IRBP is the most abundant soluble protein component of the extracellular material surrounding the photoreceptors and separating them from the RPE [5-11]. This material is known as the interphotoreceptor matrix. Unlike most retinoid-binding proteins present in a wide variety of tissues, IRBP expression is restricted to the retina and pineal gland [12-18]. It has also been shown that IRBP is expressed by the RPE in zebrafish [19]. IRBP is large (124 kDa in Xenopus [20]) compared to other retinoid-binding proteins. Its large size is due to the fact that the IRBP gene is composed of multiple homologous repeats. Each repeat codes for a module of ~300 amino acid residues. Mammalian and amphibian IRBPs are composed of four repeats [21-24]. In contrast, teleost IRBP is composed of only two [25,26]. In all vertebrate classes examined to date, IRBP's three introns are located in the repeat coding for the carboxy-terminal module (Figure 1A). This suggests that IRBP arose through the quadruplication of an ancestral gene composed of four exons [27,28].

Although it is not known how IRBP mediates the bi-directional transport of retinoids across the interphotoreceptor matrix, several important observations have been made. First, by binding retinoids, IRBP solubilizes and protects these molecules from isomeric and oxidative degradation [29]. Second, IRBP enhances the delivery of all-trans retinol from the rods to the RPE [30,31], and the transfer of 11-cis retinaldehyde from the RPE to the rods [31-35]. The mechanism by which IRBP promotes this bi-directional transport is not understood. A reduced affinity of 11-cis retinaldehyde for IRBP in the presence of docosahexaenoic acid may play a role in the delivery of this retinoid to the photoreceptors [36]. It also has been postulated that IRBP functions by interacting with cell surface or matrix receptors [34,37].

Insights gained from phylogenetic alignments combined with recombinant protein expression technology are providing new information on the relationship between IRBP's structure and its function. An emerging picture is that the protein's biochemical [38-40] and physiological activity [41] is contained within each of the protein's individual modules. This suggests that there could be advantages in performing site directed mutagenesis studies in the isolated modules rather than in the full-length protein. In this way, the effect of specific substitutions on the ligand-binding properties of individual domains may be studied without the presence of binding sites in other modules. This could be especially helpful for binding studies employing fluorescence spectroscopy since nonequivalency of the binding sites and internal quenching can complicate the interpretation of such ligand-binding assays (see [42]).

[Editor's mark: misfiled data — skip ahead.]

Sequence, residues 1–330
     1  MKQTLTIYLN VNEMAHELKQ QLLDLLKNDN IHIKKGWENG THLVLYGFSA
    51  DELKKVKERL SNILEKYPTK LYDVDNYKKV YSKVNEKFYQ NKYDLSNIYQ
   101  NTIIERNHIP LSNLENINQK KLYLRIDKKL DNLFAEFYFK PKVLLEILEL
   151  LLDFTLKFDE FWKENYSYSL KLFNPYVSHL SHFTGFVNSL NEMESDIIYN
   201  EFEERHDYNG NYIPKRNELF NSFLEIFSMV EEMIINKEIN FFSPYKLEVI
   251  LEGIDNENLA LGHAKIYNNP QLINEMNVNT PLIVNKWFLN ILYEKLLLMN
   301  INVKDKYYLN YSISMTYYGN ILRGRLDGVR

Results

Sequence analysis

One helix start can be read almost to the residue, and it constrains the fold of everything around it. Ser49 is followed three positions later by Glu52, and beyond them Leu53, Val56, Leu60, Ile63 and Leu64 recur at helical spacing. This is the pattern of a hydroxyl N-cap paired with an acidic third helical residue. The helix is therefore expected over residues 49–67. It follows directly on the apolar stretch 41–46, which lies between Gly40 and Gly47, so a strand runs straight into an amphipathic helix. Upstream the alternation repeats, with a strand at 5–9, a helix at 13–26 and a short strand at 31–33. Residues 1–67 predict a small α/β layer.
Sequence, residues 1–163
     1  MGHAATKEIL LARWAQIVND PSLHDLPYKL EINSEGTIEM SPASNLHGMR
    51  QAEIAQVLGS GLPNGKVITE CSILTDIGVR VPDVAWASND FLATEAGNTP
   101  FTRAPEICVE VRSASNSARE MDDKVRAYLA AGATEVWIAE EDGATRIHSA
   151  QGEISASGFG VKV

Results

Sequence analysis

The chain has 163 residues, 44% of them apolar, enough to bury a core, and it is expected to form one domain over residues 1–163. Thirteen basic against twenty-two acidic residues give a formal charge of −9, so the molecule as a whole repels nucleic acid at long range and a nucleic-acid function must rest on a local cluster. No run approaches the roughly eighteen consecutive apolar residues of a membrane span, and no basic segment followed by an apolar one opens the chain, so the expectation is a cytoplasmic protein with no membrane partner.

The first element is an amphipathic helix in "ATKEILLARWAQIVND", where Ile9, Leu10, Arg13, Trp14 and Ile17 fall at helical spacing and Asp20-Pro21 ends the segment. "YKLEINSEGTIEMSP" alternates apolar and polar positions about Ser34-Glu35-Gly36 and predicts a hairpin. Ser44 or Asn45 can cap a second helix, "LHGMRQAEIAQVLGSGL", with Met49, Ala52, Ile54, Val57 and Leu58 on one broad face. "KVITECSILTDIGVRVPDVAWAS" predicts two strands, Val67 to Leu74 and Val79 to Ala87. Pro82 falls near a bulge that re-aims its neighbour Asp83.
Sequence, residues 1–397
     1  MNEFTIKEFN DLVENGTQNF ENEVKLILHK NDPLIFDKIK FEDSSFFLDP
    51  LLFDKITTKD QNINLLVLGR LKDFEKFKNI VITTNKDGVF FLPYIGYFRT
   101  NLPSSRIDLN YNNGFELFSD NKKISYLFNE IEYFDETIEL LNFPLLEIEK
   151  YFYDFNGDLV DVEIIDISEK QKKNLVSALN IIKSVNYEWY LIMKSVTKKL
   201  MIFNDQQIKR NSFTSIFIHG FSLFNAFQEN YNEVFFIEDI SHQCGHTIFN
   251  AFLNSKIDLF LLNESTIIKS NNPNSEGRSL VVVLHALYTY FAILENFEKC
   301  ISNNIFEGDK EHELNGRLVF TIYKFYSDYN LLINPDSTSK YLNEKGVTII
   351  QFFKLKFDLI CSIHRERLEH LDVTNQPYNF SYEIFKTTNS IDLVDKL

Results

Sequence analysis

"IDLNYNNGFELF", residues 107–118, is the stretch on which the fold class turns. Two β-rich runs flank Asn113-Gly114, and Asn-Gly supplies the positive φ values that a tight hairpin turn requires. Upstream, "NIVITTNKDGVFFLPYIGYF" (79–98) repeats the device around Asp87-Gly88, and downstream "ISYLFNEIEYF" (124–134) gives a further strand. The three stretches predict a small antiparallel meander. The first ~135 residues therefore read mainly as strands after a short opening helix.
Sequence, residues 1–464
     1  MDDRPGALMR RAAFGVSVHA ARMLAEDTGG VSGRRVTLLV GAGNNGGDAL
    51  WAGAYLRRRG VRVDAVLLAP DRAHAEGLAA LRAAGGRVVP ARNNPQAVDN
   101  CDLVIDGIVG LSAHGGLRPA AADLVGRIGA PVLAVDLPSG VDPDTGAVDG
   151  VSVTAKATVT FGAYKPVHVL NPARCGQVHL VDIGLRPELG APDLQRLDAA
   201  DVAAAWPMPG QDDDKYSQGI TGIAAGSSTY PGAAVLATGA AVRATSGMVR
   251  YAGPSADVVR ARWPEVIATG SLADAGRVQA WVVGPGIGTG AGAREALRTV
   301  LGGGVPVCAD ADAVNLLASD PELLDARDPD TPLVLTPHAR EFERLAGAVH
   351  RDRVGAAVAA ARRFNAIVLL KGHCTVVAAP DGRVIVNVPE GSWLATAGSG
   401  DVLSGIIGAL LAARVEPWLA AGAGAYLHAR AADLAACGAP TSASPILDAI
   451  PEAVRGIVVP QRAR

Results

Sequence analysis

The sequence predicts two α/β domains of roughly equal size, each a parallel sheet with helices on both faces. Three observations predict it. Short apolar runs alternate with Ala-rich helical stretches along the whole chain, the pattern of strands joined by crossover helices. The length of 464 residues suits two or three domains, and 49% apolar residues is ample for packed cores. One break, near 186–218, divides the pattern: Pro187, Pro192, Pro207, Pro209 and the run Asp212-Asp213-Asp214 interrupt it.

We are using the African clawed frog (Xenopus laevis) because this animal has potential advantages for uncovering the relationship between the structure and function of IRBP. First, Xenopus IRBP has a 4-module structure similar to that of human IRBP [24]. Xenopus are easily cared for under different lighting conditions and their large inner segments facilitate morphological analysis. Furthermore, Xenopus eyecups are metabolically active for extended periods. Unlike other amphibians and teleosts, the Xenopus retina can be detached in both light- and dark-adapted animals. Remarkably, the detached retina may be re-constituted allowing the introduction of molecules into the adult subretinal space [41,43]. Molecules may also be introduced into the subretinal space of the embryonic Xenopus retina through optic vesicle injections [44,45]. Finally, the Xenopus retina is particularly amenable to transgenic technology [46,47].

The fourth module of Xenopus IRBP as well as regions of the module corresponding to its exon segments are readily expressed as soluble thioredoxin-fusion proteins [48]. We found that all-trans retinol binds to two regions within the fourth IRBP module. One of these sites is localized to Exons (2+3), and the other to Exon 4. Exon 1 has no retinol-binding activity. The potential importance of Exons 2 through 4 in the formation of the retinoid-binding site(s) is emphasized by their similarity with the newly recognized family of C-terminal processing proteases (CtpAs) [49]. CtpAs, which have only been described in plants and prokaryotes, selectively degrade proteins with nonpolar C-termini. It is possible that IRBP's hydrophobic ligand-binding sites are composed of domains derived from CtpAs.